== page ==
There are three common ways that businesses price their services.
Market Based Pricing – A company asks the question, “What’s the most amount of money the most number of people will people pay for this service?” Companies spend a lot of time and money researching how much people will pay, and how many customers are lost as the price increases to a new bracket. At some point, the number of customers lost outweighs the increase in revenue. So they charge the most amount possible before they lose too many customers to make the increased price worthwhile.
Competition Based Pricing – Companies ask the question, “How much are my competitors charging?” Prices are determined based on what competing companies are charging, and the relative services and incentives the company is offering. Company X charges $1,000, we’ll charge $950.
Value Based Pricing – A company asks the question, “What value does my service provide to the client?” So, for instance, if an author can expect to make $10,000 off their book, a company who is producing the book might charge $9,000.
Any of these methods would price our services much higher than the amount that we charge. Self-publishers are paying an arm and a leg for quality book production with our competitors. Other companies are charging $5,000 to $15,000 for similar services that we charge less than $2,000 for. And if we’re looking at value, our commitment to our clients is unmatched, and most of our clients earn far more money over time than they spend with us.
But we employ a fourth pricing model, Cost Based Pricing. We look at a potential service and say, “It will cost us $X to provide this service in cash out the door, and it will take us Y number of hours to do a great job. We want to pay our employees and contractors a reasonable living wage, so we need to charge this amount.” We don’t want to eat spaghetti every night, but we also don’t want to take advantage of anyone. So we figure out how much we need to bring in so that we pay our bills. That’s what you pay.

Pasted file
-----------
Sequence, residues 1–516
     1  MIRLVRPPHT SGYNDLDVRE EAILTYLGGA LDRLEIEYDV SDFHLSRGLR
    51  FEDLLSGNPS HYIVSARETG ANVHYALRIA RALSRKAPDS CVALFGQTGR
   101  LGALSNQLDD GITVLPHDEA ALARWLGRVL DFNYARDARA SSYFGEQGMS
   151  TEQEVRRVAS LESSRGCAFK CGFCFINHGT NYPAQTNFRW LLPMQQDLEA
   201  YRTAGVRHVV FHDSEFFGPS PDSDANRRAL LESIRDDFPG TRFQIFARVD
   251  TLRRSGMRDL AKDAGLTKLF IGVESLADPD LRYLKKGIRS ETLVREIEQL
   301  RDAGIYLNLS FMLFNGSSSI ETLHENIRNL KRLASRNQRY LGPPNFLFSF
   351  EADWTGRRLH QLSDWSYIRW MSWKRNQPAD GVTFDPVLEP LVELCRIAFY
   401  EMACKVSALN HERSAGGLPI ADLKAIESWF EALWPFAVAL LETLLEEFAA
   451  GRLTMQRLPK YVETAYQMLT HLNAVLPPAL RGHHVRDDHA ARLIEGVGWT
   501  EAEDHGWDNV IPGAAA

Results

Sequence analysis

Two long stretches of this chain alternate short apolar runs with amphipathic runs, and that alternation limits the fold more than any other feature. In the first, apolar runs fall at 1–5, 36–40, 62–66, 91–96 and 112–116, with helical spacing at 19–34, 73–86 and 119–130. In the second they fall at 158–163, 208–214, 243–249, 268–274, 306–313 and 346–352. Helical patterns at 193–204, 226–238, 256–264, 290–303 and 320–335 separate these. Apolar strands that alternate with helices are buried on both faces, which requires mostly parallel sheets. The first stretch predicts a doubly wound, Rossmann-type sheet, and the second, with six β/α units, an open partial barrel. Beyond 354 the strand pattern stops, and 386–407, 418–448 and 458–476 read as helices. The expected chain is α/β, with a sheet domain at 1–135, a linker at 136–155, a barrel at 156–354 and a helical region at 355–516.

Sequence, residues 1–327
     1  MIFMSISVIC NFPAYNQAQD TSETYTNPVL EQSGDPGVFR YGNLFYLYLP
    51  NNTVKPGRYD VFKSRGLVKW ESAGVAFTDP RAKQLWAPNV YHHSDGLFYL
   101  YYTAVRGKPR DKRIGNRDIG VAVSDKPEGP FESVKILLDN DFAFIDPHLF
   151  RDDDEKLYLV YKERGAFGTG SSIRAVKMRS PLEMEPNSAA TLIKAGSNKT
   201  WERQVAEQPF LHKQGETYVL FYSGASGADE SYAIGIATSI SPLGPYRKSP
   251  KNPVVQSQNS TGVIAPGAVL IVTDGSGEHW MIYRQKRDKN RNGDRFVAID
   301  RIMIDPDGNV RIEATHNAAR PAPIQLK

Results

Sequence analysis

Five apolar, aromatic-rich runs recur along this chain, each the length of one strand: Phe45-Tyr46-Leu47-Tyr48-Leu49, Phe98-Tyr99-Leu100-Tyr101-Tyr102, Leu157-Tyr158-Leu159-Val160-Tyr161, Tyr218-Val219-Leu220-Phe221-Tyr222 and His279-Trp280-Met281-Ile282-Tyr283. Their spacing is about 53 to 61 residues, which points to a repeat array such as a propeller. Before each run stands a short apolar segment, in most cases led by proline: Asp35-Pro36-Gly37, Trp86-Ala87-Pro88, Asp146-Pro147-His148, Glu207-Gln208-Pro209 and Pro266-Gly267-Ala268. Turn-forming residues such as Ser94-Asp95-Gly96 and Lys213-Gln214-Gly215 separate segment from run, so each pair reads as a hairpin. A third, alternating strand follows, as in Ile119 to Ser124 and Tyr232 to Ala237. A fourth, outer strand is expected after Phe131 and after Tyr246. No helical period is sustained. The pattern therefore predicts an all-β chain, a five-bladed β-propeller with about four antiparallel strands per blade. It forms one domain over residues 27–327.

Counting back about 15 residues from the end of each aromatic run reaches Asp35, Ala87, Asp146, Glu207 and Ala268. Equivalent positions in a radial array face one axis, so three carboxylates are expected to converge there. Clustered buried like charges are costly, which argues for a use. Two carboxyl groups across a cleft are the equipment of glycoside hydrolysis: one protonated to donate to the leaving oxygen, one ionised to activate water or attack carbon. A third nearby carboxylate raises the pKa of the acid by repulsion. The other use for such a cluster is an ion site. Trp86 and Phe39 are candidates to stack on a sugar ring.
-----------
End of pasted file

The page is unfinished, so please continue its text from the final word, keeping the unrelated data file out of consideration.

The world would be a better place if more companies adopted this model. So many companies are asking the question “How much can we get?” when they should be asking “How much should we get?”
I believe in self-publishing. I believe it’s a viable industry, and I believe that it can provide readers with great and valuable materials. But I also look at the self-publishing industry and think what a racket, no wonder so many people don’t take self-publishing seriously.
One of my fears is that people will look at our low prices and ask, “How can the services be as good if they’re only charging 20% of the price? What corners are they cutting?” I can assure you that the only corner we’re cutting is the one where we take you for as much money as we can. I’m confident that the materials we produce at Columbus Publishing Lab blow our competition out of the water, and our clients are profoundly more successful. We can do it for less, simply because we’re committed to charging a fair price.
We don’t have a large corporate structure or shareholders. We’re a family owned business full of great people who want to earn a fair living wage. We’re not here to maximize the profits on our spreadsheets. As the CEO, I don’t report to the board, I report to my wife and kids.
We’re not here to increase shareholder wealth, we’re here to make a fair living and do something we love. We’re here to provide a quality service that we think is important.